Recently there has been controversy over the validity and makeup of the architectural structure known as the operational data store (ODS). Some skeptics question the existence of the ODS. This argument is quite strange because the ODS is one of the most pervasive architectural structures found in information systems today. The notion that the ODS is not a legitimate structure is news to SAP, Oracle Financials and PeopleSoft--three of the most widely implemented pieces of software in the 1990s which happen to contain major components which are decidedly ODSs. While some aspects of these software packages are beyond the bounds of an ODS, many of the features of these software packages squarely fit the paradigm of an ODS. As further evidence of the health of the ODS, in a recent private conference, seven information systems directors of large, well-known companies spent time describing their environment. The ODS was a prominent feature of each of these companies' information systems architecture. So it is peculiar that industry experts are questioning the validity of the ODS. Perhaps these experts simply do not understand what an ODS is and what functions it performs.

The Architectural Positioning

In order to have a discussion about ODSs, the conversation best begins with a schematic that shows how an ODS is architecturally positioned. Figure 1 shows the classical positioning of the ODS.

In Figure 1 the ODS is seen to be an architectural structure that is fed by integration and transformation (i/t) programs. These i/t programs can be the same programs as the ones that feed the data warehouse or they can be separate programs. The ODS, in turn, feeds data to the data warehouse.

Some operational data traverses directly into the data warehouse through the i/t layer while other operational data passes from the operational foundation into the i/t layer, then into the ODS and on into the data warehouse.

An ODS is an integrated, subject- oriented, volatile (including update), current-valued structure designed to serve operational users as they do high performance integrated processing. (Note: For a comprehensive discussion of the subject of operational data stores, refer to the book, Building the Operational Data Store, by W. H. Inmon, Claudia Imhoff and Greg Battas, published by John Wiley & Sons. This article will not try to restate concepts and descriptions that have been in the public domain for quite a while.)

The essence of an ODS is the enablement of integrated, collective on-line processing. An ODS delivers consistent high transaction performance--two to three seconds. An ODS supports on-line update. An ODS is integrated across many applications. An ODS provides a foundation for collective, up-to- the-second views of the enterprise. And, at the same time, the ODS supports decision support processing.

Because of the many roles that an ODS fulfills, it is a complex structure. Its underlying technology is complex. Its design is complex. Monitoring and maintaining the ODS is complex.

The ODS takes a long time to implement (e.g., SAP). The ODS requires changing or replacing old legacy systems that are unintegrated.

The Dual Role of the ODS

There is a very dual role played by the ODS. On the one hand, the ODS is decidedly operational. The ODS provides high response time and high availability and is certainly qualified to act as the basis of mission-critical systems. On the other hand, the ODS has some very clear DSS characteristics. The ODS is integrated, subject oriented and supports some important kinds of decision support.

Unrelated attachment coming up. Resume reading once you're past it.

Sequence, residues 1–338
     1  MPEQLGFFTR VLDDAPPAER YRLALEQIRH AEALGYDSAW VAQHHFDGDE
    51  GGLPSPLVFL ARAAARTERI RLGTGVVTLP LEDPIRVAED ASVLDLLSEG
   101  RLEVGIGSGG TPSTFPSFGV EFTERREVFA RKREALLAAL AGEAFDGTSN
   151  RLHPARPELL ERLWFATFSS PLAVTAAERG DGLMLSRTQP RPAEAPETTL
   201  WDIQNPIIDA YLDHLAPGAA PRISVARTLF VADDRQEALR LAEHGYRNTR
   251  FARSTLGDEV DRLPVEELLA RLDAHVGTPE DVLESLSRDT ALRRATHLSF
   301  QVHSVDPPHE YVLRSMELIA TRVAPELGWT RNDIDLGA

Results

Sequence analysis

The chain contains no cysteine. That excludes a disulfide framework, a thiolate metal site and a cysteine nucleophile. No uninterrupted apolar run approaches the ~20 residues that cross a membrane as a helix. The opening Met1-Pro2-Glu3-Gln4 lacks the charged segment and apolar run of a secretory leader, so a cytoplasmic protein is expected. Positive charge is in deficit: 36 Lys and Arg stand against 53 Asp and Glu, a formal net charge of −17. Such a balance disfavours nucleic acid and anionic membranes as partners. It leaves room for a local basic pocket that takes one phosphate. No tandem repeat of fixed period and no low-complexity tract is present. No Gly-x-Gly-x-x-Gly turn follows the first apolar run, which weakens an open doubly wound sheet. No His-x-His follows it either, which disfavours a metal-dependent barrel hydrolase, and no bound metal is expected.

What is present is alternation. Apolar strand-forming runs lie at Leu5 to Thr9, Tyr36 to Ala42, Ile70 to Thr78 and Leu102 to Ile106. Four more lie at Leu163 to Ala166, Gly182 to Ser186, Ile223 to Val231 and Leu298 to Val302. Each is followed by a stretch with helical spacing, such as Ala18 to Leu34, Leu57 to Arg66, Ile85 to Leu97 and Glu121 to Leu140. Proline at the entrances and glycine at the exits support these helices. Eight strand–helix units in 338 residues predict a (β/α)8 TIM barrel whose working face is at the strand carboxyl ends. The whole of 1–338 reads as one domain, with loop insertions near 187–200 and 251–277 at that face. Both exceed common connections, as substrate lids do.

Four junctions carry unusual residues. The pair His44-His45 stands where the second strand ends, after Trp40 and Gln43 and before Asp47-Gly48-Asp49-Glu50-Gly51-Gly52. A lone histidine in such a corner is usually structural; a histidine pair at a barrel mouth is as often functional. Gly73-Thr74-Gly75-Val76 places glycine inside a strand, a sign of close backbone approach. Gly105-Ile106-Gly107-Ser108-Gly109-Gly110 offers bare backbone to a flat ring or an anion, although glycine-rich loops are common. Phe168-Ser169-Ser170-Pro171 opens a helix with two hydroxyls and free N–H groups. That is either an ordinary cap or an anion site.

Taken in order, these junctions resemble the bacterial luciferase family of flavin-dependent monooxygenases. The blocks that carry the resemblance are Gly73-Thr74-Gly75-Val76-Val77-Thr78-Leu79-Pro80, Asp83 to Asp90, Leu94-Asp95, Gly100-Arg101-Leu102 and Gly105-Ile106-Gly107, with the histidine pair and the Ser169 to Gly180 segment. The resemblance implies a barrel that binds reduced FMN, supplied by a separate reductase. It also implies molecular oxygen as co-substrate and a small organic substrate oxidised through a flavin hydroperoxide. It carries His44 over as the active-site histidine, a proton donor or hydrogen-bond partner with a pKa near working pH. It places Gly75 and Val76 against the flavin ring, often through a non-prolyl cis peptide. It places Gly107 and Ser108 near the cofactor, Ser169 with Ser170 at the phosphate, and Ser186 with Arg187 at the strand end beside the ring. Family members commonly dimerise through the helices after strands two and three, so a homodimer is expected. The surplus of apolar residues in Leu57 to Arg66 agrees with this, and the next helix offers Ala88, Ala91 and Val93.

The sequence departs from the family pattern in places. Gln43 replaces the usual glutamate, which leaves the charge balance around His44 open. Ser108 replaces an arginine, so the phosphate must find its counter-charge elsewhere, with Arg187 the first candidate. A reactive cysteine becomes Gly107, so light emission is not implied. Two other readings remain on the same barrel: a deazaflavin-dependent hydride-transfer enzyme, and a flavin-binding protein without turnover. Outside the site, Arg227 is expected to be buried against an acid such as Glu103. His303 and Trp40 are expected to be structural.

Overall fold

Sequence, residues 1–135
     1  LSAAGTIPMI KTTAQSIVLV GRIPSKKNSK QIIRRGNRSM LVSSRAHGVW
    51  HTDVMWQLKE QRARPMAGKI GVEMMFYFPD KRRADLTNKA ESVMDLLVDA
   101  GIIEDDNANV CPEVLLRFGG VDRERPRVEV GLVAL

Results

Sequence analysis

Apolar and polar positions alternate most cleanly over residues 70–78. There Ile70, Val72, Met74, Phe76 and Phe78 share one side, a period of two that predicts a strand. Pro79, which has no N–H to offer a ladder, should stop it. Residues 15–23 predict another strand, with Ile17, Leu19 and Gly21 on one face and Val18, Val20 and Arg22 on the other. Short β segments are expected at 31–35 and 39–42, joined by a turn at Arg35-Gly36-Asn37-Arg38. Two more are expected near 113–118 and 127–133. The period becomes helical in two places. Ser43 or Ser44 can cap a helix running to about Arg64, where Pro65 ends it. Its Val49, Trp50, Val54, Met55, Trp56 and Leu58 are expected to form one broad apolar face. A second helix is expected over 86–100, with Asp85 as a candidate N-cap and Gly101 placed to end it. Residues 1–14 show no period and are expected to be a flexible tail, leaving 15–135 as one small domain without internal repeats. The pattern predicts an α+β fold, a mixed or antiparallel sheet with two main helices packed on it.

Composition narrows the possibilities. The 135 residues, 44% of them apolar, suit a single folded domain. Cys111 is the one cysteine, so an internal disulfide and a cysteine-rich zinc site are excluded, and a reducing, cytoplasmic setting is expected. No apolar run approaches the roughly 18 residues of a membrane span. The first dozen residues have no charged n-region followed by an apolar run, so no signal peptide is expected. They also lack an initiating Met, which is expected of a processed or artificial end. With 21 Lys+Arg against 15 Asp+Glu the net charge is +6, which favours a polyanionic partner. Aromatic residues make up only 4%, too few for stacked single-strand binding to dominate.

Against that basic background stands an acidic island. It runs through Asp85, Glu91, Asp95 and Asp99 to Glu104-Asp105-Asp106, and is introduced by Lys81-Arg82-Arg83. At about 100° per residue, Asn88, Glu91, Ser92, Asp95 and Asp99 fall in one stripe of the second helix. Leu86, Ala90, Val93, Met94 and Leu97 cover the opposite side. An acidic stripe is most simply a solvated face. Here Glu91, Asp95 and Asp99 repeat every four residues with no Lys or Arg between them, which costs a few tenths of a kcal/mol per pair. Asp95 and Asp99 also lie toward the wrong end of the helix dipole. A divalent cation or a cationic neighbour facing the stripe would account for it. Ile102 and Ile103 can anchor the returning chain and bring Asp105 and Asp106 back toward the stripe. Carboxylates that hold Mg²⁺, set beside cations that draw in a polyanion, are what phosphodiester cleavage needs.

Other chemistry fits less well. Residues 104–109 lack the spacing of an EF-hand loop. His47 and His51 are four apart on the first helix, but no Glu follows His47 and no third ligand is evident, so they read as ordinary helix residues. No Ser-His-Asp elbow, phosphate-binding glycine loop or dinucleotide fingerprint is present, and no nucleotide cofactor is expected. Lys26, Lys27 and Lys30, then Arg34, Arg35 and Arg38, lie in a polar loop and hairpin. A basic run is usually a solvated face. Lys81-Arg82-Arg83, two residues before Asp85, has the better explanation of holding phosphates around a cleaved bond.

The Users--Farmers and Explorers

This article will focus on one of the more misunderstood aspects of the ODS--the foundation of the design. In order to understand the foundation of the design of the ODS, you first need to understand that two very different types of users are attracted to the ODS--farmers and explorers.

The first user of the ODS is a user who can be called a "farmer." Farmers are those people who do the same task repetitively. Farmers know what they want when they set out to search for something. Farmers look at small amounts of data with each transaction. Farmers almost always find what they want. Farmers usually find small flakes of gold, not huge nuggets, at the completion of their transaction. Farmers operate in a world of structure--structured data, structured processing, structured procedures and so forth.

The other type of user that is served by the ODS is the quot;explorer." The explorer is the antithesis of the farmer. The explorer operates in a random manner. The explorer does not know what he/she is looking for at the outset of the analysis. Explorers operate in a heuristic mode. Explorers look at very large sets of data. Explorers look for associations between types of data, patterns that are useful and relationships that have heretofore never been discovered. The explorer often finds nothing as a result of an analysis, but occasionally the explorer finds huge nuggets of gold. Explorers operate in a pattern that defies prediction. The explorer operates in an almost completely unstructured manner.

The ODS and Explorers and Farmers

The ODS must satisfy the needs of both the farmer and the explorer; and because of this paradox, the design of the ODS is a difficult task in the best of circumstances.

The Basis of Design in DSS

The classical design of the structures found in the DSS environment begins with a data model, which reflects the informational needs of the corporation. Figure 2 shows the steps leading to a DSS design.

Normalized tables are generated from the data model. These tables constitute what can be described as a logical design. The many normalized tables are combined into a form of physical design that can be described as lightly normalized design. In a lightly normalized design, tables are combined on the basis of containing common keys and general common usage.